As ed tech solutions become more comprehensive and involve more interlocking departments, selling B2E is getting a little more centralized and a little more complicated. If you are finding your sales cycle lengthening and that you’re spending more time at the C-level, you can benefit from these tips on managing complex sales through to a win.

1.  Your goal is not to sell a solution, your goal is to solve a problem

Complex solution sales occur when a problem exists that is big and painful enough to force a fairly impactful change on a school district. This could be a purchase that stems from a state or federal policy change, new technology, learning outcomes not meeting expectations, or a combination of many of these factors. You must begin your quest for this sale by defining that problem as specifically as you can. You must uncover what pain is behind the need, but that is only the beginning. To win the business you’ll need to fully understand how the district operates. Try not to take short cuts and make assumptions based on other districts you’ve worked with. Schedule as many conversations with department heads as it takes to listen to their perspective on the problem and their vision of resolving it. A tip is to have these meetings independently rather than as a committee. Only the loudest or most senior voices are heard in these group sessions and they could drown out key details that will allow you to make the best possible assessment of the situation.

2.  Arrange to be the last rep in

Most complex sales are competitive. Districts will be bringing in multiple vendors and each of them is going to nudge the prospect’s thinking. You and other sales people are helping them better understand their need so things can change quite a bit from the first needs assessment. Create an opportunity to get back in front of the key decision maker at the end of the discovery phase so you get a read on the most fully evolved scope. It’s an extra step but one that is very well worth it. You’ll not only hear the full scope but you’ll also get a chance to correct any off track thinking that was planted by a competitor.

3.  Create value with each interaction

There’s a weeding process going on. Districts can’t keep all qualified vendors on their short list or it would be called something else. If you want to survive the initial cuts, you’ve got to provide value with your every interaction. Ask yourself what you can do to make yourself useful to the decision maker(s) during the evaluation. Things like helping wrangle consensus among committee members, conducting a survey of district stakeholders, providing detailed reports and evaluations from similar implementations, arranging for a tour or conversation with one of your clients in an advanced phase of solving a similar problem, and running the numbers on the cost of the solution including not just your fees but internal costs.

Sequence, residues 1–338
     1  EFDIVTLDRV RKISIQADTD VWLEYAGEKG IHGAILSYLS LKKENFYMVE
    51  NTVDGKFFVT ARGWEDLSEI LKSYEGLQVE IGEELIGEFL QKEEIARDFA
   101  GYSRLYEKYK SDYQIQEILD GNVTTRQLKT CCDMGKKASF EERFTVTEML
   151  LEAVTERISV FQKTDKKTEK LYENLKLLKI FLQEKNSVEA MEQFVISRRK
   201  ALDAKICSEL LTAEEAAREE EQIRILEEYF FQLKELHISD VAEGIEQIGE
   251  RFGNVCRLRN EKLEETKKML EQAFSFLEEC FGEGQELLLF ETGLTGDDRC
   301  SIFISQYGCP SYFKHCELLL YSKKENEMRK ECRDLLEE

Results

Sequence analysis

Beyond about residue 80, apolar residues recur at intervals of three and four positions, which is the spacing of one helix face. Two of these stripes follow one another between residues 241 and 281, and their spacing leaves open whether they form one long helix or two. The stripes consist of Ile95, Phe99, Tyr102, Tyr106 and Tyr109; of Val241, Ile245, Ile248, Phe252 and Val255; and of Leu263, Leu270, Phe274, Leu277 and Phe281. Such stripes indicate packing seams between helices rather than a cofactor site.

4.  Recruit support from within the district

If you’re used to selling at the C-Level in B2B, be careful about overlooking the power of grass roots in B2E. I’m fond of a scene in the movie, My Big Fat Greek Wedding where a young Greek American woman is consulting with her mother on how to get her traditional father to allow her to take college courses. She says something like, “Mom, he’ll never let me do it and he’s the head of the family.” The mother responds with, “The man may be the head of the family but the woman is the neck and she can turn the head any direction she wants.” Priceless. In education, teachers are often the “neck” of their organization. If they don’t like a product, it will eventually fail there. You can avoid that by cultivating grass roots support for your brand alongside your work with the administration. Social media work, small pilots, samples, trade show sessions and webinars are all ways you can promote your brand and solution with teaches and building administrators who often have a voice in the decision-making process, and who always are going to make or break an implementation.

5. Put the full might of your organization on the table

The sales process for a solution company is an audition. Conscript every department in your company to help you win the business by demonstrating their competence, concern and responsiveness. Create opportunities for the prospect to meet their future counterparts across all functions, and of course make certain they are fully briefed on the needs assessment work you’ve done and the scope of the solution. Especially when you are a David up against Goliath, you will stand out by the effort your full organization demonstrates in sincerely asking for a district’s trust and chance to help them reach their goals.

Rather than become intimidated by a complex solution sales process, take charge and outsell your formidable competition with a little extra listening, a little extra hustle, and a lot of extra service.

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